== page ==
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Maryam al-Nasiri

Tunisian graduates seek alternatives as unemployment grows

Degrees no longer guarantee jobs in Tunisia [AFP]

Date of publication: 9 August, 2015

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With growing unemployment rates, many Tunisian graduates are taking jobs in trades unrelated to their degrees. However, not all are so lucky.

Every morning, Ahmed al-Mrabeti goes to work as a coffee shop waiter in the Tunisian capital Tunis. He is well known by the patrons of the coffee shop where he has been working for the past five years, but few know that he is a law graduate who could not find work in his field.

Ahmed, who graduated in 2007, says he was forced to work as a waiter after all his attempts to find employment failed. He is one of more than 200 thousand Tunisian graduates who are unable to find work in their field of study.

Tunisia's unemployment rate has seen an increase in recent years, and the numbers of unemployed gradates in 2014 was 6.3 percent higher than it was in 2010, according to the National Institute of Statistics.

Finding alternatives

     60 thousand students graduate from Tunisian universities every year, and only a minority find work in their field of study


Like many unemployed graduates, Nisreen Ben Saleh has been forced to find alternative employment after her literature degree could not secure her a job. She now works with her sister as a seamstress in a modest shop.

"I'm happy with my job. It covers my expenses and I don't even think about applying to public sector jobs anymore," said Nisreen.

Approximately 60 thousand students graduate from Tunisian universities every year, and only a minority find work in their field of study, if they find work at all.

Therefore, with increased competition for limited public sector jobs many graduate jobs seekers have turned to trades and small businesses to make a livelihood.

Murad Hafdhi, 33, holds a degree in media studies but could not work after an exhaustive search and finally gave up. He decided to join his father's carpentry business, which he had worked in during summer holidays since the age of 15.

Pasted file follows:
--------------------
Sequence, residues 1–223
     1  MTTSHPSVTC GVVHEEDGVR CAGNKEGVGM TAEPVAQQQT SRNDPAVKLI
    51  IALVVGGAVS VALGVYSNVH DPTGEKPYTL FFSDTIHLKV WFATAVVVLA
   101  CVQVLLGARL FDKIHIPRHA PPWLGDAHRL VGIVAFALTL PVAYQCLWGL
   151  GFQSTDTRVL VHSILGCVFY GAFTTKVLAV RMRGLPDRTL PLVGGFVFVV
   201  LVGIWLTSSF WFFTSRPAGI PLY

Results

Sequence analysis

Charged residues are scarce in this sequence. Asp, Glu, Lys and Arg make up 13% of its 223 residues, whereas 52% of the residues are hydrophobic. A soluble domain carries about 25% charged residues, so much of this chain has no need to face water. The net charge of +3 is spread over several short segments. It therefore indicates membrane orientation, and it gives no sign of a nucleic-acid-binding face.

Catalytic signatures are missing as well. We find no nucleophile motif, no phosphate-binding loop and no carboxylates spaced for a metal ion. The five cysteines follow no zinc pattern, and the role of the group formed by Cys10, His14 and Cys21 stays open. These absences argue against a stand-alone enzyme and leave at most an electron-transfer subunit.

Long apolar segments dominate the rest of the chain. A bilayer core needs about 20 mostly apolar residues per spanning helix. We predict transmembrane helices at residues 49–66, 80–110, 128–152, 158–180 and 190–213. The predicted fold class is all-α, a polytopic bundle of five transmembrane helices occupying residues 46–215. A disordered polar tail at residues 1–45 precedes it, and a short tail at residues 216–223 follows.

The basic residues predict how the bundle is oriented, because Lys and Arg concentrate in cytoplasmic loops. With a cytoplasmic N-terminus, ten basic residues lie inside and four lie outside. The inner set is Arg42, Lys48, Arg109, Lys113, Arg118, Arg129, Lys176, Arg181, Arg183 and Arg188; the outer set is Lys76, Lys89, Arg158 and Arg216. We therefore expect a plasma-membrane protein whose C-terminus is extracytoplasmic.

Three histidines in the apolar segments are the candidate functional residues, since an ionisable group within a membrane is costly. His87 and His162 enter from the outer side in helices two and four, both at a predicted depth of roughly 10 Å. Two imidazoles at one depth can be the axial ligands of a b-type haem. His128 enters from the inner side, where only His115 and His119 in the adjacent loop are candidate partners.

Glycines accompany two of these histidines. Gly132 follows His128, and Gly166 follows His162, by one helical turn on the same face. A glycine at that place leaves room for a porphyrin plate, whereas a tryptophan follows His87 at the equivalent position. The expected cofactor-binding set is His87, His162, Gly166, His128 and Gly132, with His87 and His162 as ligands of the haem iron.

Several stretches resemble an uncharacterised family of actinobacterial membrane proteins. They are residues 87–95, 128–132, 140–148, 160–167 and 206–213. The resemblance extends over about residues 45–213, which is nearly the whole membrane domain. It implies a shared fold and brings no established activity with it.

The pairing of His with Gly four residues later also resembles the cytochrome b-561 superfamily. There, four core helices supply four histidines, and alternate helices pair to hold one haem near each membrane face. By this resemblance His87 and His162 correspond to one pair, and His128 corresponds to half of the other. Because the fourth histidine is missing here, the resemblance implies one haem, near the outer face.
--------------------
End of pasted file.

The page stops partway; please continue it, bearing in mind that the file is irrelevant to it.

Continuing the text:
Karim, 28, another graduate who studied fine arts spent three years looking for a job, after which he took a position in a mosaic workshop. He believes that unlike most graduates nowadays, he is lucky to have found work related to his degree that pays well.

Trades pay, degrees don't

According to the Tunisian ministry of vocational training and employment, graduates of vocational training courses that learn trades are more likely to find jobs than university graduates.

     Tunisian universities produce graduates with degrees but no skills

Some observers believe that this is due to the deteriorating economic situation in the country, which has reduced the number of public sector jobs, while others blame the standard of Tunisian higher education for not preparing graduates for the private sector job market.

Tareq Belhadj Mohamed, a social researcher, told al-Araby al-Jadeed: "Tunisian universities produce graduates with degrees but no skills due to the failure of the Tunisian education system from school to university level".

"The educational system focuses on things that are irrelevant to the job market, which results in unskilled graduates who do not speak foreign languages," said Mohamed.

He stressed that Tunisia needs to learn from other countries and tie its educational system with the demands of the job markets, for students to come out fully prepared to join the workforce.

Mohamed warned that while some graduates have found alternative employment options such as taking up trades and family businesses, a number have committed suicide due to their diminished prospects.

"As researchers, we were taken by surprise at the rise in suicide rates among graduates who did not have a history of physcological or behavioral instability. Hopelessness and depression seem to be the main drivers in light of the country's tough social and economic conditions," said Mohamed.

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